If you’ve gotten to the point where you’re desperate to figure out how to stop being insecure in your relationships, it’s probably because on some level, you can see that your insecurities are ruining your life.
This is part one of a two-part series that I’m writing on insecurity. This first post is about to how to stop being insecure in your relationships and the next post will cover how to stop being insecure with yourself – your looks, your life, your beliefs, etc.
I’ve been insecure my entire life. I don’t remember one time in my childhood where I ever felt confident, accepted or like I was worthy of fitting in. I never felt emotionally safe to be myself or secure in relationships. If the lack of confidence wasn’t enough, I had crippling anxiety (and would sweat and shake profusely), due to the uncertainty that I always felt about myself, my relationships, and my life in general.
When I faced problems in my relationships, I never knew if it was me or if it was the other person that was in the wrong, but I always ended up blaming myself. I had no clue how to stop being insecure and put an end to my bad relational luck and the sadly predictable merry-go-round my life had become.
Today, I am not only off of that miserable ride, but I feel secure in my relationships with others. I no longer feel like expressing myself and being who I am is a risk that could make the other person emotional and/or physically abandon me.
How did I finally figure out how to stop being insecure in my relationships?
Here’s what I’ve learned…
I have felt insecure in every single one of my relationships. Even today in my relationship, I’ll feel insecure at times (it’s totally normal), but here’s the difference:
My insecurities are now fleeting instead of crippling because the relationship I am in proves those insecurities wrong.
Today, if I find myself feeling insecure in my relationship, I can work with it, feel safe to express it, learn, and move on from it.
Yes, your insecurities are very powerful and can definitely sabotage the relationships that you have with others and with yourself. But when it comes to how to stop being insecure in relationships, keep this in mind…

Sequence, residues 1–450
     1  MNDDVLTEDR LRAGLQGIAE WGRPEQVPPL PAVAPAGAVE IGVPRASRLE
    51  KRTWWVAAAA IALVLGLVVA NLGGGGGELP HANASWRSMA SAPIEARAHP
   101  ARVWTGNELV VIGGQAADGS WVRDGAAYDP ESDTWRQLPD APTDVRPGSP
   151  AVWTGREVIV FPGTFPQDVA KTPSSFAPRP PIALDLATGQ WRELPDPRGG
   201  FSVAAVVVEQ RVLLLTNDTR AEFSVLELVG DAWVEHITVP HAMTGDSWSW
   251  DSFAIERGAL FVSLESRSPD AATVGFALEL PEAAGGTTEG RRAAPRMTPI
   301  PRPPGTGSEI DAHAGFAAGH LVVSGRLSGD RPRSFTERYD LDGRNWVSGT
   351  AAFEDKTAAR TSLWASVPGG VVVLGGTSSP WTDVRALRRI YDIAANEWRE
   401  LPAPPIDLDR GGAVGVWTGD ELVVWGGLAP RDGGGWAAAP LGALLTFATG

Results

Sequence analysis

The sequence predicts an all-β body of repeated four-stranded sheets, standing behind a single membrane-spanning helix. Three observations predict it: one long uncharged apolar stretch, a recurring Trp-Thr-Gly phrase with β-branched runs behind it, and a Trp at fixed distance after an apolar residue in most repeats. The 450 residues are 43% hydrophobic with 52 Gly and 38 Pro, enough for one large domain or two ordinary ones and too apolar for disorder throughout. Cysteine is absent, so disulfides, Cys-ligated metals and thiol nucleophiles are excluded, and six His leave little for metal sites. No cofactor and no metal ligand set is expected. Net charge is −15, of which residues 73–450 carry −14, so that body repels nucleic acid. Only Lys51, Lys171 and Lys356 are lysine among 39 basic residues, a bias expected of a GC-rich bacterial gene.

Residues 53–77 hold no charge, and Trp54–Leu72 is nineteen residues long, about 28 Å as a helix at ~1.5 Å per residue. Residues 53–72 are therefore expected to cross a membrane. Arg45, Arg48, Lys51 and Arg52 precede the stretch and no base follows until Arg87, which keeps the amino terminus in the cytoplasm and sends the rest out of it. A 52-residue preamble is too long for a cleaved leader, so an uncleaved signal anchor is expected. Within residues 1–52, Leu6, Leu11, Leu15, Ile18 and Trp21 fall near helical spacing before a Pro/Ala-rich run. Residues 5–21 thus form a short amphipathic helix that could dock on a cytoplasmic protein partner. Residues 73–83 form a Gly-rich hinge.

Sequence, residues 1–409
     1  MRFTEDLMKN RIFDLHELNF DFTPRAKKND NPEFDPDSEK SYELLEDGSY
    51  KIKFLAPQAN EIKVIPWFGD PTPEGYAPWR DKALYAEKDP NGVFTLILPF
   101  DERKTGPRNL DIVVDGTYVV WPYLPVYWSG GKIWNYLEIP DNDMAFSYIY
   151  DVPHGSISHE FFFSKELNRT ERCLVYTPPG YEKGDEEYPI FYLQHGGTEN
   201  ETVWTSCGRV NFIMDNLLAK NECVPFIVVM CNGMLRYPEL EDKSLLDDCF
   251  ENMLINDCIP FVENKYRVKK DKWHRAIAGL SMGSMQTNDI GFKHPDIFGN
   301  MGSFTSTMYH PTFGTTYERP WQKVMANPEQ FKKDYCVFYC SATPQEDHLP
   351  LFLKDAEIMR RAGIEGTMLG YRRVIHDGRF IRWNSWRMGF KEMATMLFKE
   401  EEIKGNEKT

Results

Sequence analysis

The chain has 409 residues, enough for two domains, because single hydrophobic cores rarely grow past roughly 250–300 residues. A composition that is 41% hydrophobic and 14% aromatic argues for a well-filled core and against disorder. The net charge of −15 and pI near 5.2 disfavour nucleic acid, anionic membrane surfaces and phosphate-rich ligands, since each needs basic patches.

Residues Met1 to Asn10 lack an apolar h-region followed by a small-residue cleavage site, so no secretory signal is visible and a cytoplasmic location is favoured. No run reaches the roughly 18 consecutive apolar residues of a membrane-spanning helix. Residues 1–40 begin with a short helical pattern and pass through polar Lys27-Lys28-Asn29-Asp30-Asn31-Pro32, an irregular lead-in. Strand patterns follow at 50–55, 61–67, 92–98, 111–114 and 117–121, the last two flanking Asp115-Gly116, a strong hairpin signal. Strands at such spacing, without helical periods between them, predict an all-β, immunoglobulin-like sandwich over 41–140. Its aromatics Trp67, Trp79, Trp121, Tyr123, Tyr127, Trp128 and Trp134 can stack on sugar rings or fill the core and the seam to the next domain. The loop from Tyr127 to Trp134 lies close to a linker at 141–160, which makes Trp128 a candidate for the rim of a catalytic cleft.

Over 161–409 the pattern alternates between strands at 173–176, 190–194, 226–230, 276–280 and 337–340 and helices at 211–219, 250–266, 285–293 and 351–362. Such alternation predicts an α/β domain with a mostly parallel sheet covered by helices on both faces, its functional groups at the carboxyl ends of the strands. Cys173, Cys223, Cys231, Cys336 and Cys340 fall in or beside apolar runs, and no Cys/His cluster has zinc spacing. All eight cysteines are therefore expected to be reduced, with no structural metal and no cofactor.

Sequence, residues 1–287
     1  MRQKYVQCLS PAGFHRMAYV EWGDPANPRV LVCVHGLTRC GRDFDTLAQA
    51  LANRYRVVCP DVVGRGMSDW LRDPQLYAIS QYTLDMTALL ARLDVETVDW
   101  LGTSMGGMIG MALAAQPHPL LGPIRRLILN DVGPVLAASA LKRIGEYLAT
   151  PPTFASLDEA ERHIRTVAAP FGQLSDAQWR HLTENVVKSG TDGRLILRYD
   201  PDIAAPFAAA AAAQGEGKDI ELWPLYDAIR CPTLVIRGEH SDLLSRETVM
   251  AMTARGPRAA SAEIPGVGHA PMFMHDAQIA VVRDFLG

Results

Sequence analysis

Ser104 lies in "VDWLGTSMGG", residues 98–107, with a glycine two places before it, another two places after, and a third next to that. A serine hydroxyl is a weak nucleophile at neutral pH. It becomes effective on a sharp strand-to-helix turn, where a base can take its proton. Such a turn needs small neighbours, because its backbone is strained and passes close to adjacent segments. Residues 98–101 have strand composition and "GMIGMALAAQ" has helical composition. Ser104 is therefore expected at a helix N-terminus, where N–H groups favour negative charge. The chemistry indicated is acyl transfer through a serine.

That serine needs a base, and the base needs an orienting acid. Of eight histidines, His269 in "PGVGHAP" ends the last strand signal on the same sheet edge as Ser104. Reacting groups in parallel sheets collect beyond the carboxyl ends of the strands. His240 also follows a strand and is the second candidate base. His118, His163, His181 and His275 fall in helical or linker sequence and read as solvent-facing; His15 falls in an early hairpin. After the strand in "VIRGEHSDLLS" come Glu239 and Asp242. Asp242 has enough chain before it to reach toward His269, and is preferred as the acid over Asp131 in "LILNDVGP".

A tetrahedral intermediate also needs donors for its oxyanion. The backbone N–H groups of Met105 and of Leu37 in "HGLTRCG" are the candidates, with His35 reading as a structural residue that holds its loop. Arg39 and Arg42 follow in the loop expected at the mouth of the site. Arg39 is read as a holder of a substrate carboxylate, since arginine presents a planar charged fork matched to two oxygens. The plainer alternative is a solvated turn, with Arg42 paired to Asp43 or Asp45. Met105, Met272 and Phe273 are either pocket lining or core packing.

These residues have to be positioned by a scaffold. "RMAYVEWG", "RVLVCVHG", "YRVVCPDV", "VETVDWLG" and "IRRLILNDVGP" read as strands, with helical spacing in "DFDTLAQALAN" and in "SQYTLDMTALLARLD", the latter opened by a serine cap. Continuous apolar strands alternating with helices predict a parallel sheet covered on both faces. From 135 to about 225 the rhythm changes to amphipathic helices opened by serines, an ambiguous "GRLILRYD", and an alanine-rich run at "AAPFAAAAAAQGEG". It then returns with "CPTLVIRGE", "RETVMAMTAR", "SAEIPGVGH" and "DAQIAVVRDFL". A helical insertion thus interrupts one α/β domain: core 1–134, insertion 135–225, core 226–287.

Your insecurities alone do not (nor will they ever) have the power to:
- Make someone lie to you.
- Make someone dishonor you.
- Make someone abuse you.
- Male someone mix signals and yank your chain.
- Make someone two-time you.
- Make someone ghost you.
- Make someone cheat on you.
- Make someone disrespect you.
If your insecurities had the kind of power that they could make your friends, romantic partner, and family members turn into complete pieces of sh*t just upon being exposed to them, you would not be reading this post right now. You would be on the cover of every magazine while having your superpowers studied at the top research centers.
YES, my insecurities negatively affected (and destroyed) many of my relationships but they did not make anyone abandon their relational moral code, decency, humanity, and honesty.
I truly thought that if I met the right guy, all of my insecurities would cease to exist.
When you think and operate like this, it does nothing but set you up for attracting (and being attracted to) people who end up reflecting your insecurities. The relationships we have with others will always reflect the relationship that we have with ourselves.
If you are insecure with yourself, you will always be insecure in your relationships.
When you have control over your emotional triggers, feel confident as a result, and because of this, have security within…
Your self-esteem will be unshakeable because it will be unconditional.
You will always feel safe and secure because you will be complete – instead of a needy and broken, circumstantial victim who looks like the main character in “The Missing Piece.” (one of my favorite books).
Ditch the Jerry Maguire “you complete me,” mantra and first get to a place where you feel complete – Independent of a relationship. You will be irresistible to real, right, and substantial people. And you will become repellent to those who pedestal superficiality because it’s all they will ever have to rely on.
Stop equating the inconsistent rollercoaster of how you’ve defined “passion” with feeling insecure. Stop romanticizing insecurity. It’s not cute or healthy.
Feeling insecure is something that we ALL experience – no matter what age, orientation or stage. Taking ownership of other people’s dysfunction will never be what insecurity is about.
So, when you feel those normal feelings of insecurity, just know that there is something you can do about it.
If you’ve been lied to, if you’ve repeatedly forgiven (and still keep getting hurt), if you keep sleeping with him/her and they continue to be shady and text their ex, etc… YEAH, I’d be insecure too.
And if nothing can be accomplished after I clearly, kindly, and respectfully communicate how I feel or, if I’m made to feel terrible for being vulnerable…
I speak with my actions and let my absence do the talking.
+ If you need further and more personalized help with your relationship, please look into working with me here.